Professor Peter Mumby, Professor of Marine Sciences at the University of Queensland, has been appointed to the key role of the Chief Scientist of the Great Barrier Reef Foundation.
Professor Mumby will join the International Scientific Advisory Committee and provide strategic assistance shaping the foundation's project portfolio.
UQ Vice Chancellor and President Professor Peter Høj said the appointment is based on the University's unwavering commitment to protecting the Great Barrier Reef.
"Research to regenerate the reef after coral bleaching By developing new biocompound fertilizers that reduce the runoff into our oceans, UQ researchers are working to protect and preserve the Great Barrier Reef natural wonder," said Professor Høj.
"Only through partnerships and cooperation will scientists be able to address the series of challenges facing our marine environment."
"I congratulate Professor Mumby on his appointment and look forward to further research collaborations between UQ and the United States Great Barrier Reef Foundation. "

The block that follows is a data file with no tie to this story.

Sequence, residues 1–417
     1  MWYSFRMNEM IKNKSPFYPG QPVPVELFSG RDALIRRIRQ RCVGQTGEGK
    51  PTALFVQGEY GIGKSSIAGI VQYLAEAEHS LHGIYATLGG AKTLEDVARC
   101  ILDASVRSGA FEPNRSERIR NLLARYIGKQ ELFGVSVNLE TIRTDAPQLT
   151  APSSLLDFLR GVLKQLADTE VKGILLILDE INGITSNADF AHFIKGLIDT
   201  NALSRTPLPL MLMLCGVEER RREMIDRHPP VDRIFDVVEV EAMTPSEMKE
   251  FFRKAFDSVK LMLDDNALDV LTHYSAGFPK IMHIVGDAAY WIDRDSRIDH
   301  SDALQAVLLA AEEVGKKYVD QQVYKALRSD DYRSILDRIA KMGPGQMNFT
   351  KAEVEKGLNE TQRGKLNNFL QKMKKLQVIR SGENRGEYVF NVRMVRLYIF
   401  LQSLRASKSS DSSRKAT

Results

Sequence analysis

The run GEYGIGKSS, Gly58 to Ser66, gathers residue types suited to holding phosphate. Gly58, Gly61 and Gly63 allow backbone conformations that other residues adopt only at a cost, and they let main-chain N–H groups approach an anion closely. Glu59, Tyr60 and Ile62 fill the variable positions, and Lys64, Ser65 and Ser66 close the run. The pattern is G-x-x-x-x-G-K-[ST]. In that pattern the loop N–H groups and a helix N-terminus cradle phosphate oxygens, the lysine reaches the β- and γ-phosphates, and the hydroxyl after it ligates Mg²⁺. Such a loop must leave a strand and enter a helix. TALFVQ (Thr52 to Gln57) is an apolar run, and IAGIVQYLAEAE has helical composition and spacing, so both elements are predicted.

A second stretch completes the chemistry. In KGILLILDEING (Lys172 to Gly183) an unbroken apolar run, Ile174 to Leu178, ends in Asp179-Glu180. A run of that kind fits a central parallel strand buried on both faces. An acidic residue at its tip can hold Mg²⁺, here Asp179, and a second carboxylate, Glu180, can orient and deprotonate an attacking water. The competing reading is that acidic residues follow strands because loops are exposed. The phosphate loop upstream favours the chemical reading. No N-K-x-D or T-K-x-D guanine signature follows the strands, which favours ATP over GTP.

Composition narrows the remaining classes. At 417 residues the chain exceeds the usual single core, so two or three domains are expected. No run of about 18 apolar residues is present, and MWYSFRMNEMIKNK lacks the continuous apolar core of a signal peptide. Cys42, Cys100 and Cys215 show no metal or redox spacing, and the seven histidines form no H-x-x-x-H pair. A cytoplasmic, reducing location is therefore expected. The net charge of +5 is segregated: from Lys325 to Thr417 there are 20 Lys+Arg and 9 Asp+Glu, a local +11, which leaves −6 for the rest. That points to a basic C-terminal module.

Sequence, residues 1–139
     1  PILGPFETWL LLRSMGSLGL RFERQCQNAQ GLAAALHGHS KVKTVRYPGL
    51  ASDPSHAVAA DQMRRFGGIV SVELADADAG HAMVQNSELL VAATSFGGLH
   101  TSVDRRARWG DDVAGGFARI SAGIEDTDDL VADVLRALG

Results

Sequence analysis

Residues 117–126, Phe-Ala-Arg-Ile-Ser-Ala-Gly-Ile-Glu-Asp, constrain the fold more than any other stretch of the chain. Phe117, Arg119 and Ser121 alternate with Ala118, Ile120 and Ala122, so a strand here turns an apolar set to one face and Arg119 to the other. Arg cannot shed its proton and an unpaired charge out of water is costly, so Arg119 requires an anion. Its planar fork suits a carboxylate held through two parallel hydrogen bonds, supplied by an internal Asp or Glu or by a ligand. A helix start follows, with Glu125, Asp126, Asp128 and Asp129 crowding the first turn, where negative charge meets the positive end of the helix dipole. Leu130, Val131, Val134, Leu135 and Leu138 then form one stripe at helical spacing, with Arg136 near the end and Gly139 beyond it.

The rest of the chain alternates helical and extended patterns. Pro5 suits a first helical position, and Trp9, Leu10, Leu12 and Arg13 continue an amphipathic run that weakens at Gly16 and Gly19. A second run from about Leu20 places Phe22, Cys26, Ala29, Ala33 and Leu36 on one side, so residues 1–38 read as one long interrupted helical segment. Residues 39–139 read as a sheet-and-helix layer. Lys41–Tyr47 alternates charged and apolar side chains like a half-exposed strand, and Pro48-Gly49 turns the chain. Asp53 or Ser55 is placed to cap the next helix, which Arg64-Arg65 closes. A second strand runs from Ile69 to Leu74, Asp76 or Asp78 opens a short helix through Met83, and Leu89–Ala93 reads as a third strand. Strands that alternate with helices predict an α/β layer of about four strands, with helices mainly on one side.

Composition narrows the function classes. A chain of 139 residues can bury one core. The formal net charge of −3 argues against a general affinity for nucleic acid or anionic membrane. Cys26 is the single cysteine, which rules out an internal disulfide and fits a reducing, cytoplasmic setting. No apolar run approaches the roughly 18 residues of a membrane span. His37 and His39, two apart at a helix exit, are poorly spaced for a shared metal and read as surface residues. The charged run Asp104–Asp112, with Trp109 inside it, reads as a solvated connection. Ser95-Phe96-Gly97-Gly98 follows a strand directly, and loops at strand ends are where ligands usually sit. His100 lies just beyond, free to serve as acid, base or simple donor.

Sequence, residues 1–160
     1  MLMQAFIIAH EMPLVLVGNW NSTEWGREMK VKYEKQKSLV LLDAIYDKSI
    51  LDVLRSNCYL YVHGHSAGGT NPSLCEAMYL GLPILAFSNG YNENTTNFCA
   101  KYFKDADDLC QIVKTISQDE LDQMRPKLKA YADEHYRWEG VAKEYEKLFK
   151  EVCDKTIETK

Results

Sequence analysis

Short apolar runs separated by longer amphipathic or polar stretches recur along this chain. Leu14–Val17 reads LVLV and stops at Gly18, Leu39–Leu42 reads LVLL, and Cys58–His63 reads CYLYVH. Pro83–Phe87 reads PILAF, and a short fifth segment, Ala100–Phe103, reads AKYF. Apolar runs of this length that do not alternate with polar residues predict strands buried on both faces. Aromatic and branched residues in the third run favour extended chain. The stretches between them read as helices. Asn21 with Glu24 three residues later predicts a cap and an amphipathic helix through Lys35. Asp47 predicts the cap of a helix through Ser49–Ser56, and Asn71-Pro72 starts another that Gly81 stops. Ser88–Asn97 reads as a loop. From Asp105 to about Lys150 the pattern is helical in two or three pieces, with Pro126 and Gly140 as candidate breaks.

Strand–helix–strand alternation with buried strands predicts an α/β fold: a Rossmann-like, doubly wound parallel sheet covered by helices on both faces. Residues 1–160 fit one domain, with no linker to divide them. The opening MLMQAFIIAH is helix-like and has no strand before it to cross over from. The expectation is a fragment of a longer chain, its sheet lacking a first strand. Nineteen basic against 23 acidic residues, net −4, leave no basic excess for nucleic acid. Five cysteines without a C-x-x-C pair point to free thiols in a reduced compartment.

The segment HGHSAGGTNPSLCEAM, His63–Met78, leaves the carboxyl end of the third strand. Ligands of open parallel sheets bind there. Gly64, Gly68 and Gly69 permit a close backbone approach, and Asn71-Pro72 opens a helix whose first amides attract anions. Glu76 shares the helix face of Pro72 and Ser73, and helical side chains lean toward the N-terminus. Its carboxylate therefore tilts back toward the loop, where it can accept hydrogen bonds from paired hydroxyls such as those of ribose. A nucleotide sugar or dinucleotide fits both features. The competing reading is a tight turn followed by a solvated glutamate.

Professor Mumby said there was never a more important or exciting time to contribute to the management of the Great Barrier Reef.
" Australia has a world-leading science and is ready to science in. " he said.
"I am very much looking forward to working with the Foundation and its partners.
Great Barrier Reef Foundation director Anna Marsden said the appointment strengthened the Foundation's long-standing approach to protecting the reef through science-based activities.
"Professor Momby & # 39; s extensive experience at the interface science, management and politics will be invaluable to help with the selection and design of the wi projects I will have the greatest impact on the reef, "said Marsden.
" These include projects funded by the Recently announced 443.3 million Reef Trust Partnership to be funded with the Australian Government.
Professor Mumby has published more than 250 publications. He recently co-authored ScienceAdvances, a paper on the declining ability of the reef to recover from the cumulative effects of threats and disruptions in recent ones 30 years.
He received a Pew Fellowship in Marine Conservation in 201